Leather Care

Leather Care

The ageing effect of leather is called ‘Patina’, it’s a very cherished and admired effect and it is almost impossible to replicate properly without submitting it to the natural wear and tear that leather bags go through from everyday use. There are however steps that can be taken to make sure your bags age beautifully.



Scratches cannot be prevented, so if you don’t like the antique effect that scratches will give to your bag then it’s advised that you keep it away from sharp or metallic objects and generally give it careful consideration when handling. Another way to protect your bag is to apply a boot polish, Vaseline or saddle soap. This will coat the leather with a protective finish that will make it more durable. Please note that applying ANY form of polish, even a clear or natural colour, will almost always change the colour of your leather. So test a small area of leather first (such as the tag/keyring we supply with your bag) and then check you’re happy with the final colour before applying to the remainder of the bag.



If there are small dirt marks on the finished side of the leather then usually a little warm water and a little elbow grease will do the trick of getting rid of them.There is also a specially designed product for cleaning satchels called “Satchel Knight” that contains a solution of natural oils that prove to be very effective at removing dirt marks and stains from satchel leathers. The key to removing dirt and other such marks is not to use too much pressure, it’s much better to lightly rub a mark 100 times with low pressure than 10 times with a lot of pressure. The high pressure may be likely to remove the finish and damage the leather.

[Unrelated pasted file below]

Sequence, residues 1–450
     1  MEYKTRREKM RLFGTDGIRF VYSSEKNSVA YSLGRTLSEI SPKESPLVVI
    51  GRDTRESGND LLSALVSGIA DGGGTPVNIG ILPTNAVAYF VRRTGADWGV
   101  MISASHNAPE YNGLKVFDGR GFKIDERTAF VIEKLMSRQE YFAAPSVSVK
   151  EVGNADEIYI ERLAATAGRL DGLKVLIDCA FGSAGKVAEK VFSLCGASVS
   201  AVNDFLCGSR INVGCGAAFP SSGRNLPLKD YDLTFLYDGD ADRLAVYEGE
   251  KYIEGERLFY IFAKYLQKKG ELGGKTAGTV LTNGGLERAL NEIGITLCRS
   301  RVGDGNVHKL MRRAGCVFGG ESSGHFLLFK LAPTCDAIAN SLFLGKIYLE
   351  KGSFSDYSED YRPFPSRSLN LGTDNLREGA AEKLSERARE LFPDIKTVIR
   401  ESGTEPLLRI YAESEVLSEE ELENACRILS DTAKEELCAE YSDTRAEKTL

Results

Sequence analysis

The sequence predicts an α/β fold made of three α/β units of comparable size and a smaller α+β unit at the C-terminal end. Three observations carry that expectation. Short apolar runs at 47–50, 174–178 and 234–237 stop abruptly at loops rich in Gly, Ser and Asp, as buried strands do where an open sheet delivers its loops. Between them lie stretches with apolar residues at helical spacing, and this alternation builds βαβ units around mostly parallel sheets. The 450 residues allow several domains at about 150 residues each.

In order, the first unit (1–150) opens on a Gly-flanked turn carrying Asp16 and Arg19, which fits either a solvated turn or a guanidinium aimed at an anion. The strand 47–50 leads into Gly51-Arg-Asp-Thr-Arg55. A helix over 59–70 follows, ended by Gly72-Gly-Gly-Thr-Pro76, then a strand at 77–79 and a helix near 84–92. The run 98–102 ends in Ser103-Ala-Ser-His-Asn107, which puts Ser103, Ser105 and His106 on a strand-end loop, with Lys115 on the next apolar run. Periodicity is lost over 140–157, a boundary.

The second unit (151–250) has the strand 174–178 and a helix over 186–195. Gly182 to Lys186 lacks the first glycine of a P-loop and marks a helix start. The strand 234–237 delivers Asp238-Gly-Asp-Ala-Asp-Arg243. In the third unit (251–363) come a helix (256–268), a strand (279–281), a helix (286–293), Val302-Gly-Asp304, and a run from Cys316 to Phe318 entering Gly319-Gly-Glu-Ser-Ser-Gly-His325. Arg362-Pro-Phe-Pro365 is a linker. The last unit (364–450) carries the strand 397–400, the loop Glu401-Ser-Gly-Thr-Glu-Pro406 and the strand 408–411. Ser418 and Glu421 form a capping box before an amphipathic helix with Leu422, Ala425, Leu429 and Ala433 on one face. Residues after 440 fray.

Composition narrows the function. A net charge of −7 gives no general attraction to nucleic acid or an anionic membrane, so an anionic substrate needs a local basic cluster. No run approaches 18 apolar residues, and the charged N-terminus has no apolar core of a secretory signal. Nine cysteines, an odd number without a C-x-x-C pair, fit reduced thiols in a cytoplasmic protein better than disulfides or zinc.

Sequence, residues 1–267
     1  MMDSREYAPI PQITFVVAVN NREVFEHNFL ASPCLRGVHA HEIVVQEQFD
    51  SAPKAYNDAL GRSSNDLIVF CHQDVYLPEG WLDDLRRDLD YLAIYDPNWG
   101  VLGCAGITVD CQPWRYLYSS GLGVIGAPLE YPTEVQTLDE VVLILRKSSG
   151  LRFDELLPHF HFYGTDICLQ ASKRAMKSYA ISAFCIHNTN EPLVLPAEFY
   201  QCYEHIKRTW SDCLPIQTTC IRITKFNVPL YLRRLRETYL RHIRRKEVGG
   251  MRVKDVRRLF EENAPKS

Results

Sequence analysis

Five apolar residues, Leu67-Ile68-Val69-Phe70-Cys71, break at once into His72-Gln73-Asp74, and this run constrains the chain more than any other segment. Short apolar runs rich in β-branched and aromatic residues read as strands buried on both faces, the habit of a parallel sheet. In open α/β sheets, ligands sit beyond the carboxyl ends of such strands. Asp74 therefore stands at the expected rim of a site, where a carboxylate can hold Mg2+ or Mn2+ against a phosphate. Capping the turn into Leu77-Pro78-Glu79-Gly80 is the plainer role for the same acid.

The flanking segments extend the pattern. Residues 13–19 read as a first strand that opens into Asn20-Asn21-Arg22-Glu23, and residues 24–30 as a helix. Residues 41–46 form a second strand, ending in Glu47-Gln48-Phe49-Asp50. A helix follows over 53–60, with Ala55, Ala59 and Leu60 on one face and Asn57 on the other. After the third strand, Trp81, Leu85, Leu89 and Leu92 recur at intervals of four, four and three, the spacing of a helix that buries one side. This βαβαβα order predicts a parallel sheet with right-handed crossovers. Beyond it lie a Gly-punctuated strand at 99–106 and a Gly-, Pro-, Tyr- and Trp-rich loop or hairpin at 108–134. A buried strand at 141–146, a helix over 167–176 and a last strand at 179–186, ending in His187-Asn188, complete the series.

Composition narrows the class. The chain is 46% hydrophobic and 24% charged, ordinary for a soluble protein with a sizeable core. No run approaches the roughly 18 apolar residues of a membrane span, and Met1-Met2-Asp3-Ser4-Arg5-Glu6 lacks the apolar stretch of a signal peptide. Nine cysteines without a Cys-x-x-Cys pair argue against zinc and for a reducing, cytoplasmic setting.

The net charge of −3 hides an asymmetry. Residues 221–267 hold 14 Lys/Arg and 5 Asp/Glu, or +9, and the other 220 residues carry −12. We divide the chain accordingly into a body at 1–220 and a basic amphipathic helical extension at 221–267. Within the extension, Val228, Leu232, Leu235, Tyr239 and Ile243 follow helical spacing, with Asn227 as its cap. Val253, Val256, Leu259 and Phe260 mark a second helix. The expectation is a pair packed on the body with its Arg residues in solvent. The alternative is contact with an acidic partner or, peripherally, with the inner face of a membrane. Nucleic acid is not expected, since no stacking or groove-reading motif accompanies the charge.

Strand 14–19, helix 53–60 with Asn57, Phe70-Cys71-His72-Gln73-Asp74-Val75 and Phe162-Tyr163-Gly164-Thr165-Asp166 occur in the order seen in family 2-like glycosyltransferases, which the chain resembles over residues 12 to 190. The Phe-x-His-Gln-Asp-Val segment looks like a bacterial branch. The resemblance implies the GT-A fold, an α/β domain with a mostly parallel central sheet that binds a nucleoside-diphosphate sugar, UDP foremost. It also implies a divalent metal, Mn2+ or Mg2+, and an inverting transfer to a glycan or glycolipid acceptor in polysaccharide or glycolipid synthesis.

Leather satchels should not be allowed to get wet but if they do, they should be wiped with a dry cloth and allowed to dry naturally.If your satchel gets wet then never force-dry the leather by using heat. Do not place on radiators or use hair dryers, simply leave it in a place that is normal room temperature until it dries naturally. If you are going to continuously experience bad weather then we would suggest that you obtain some leather waterproofing products to help keep your satchel dry.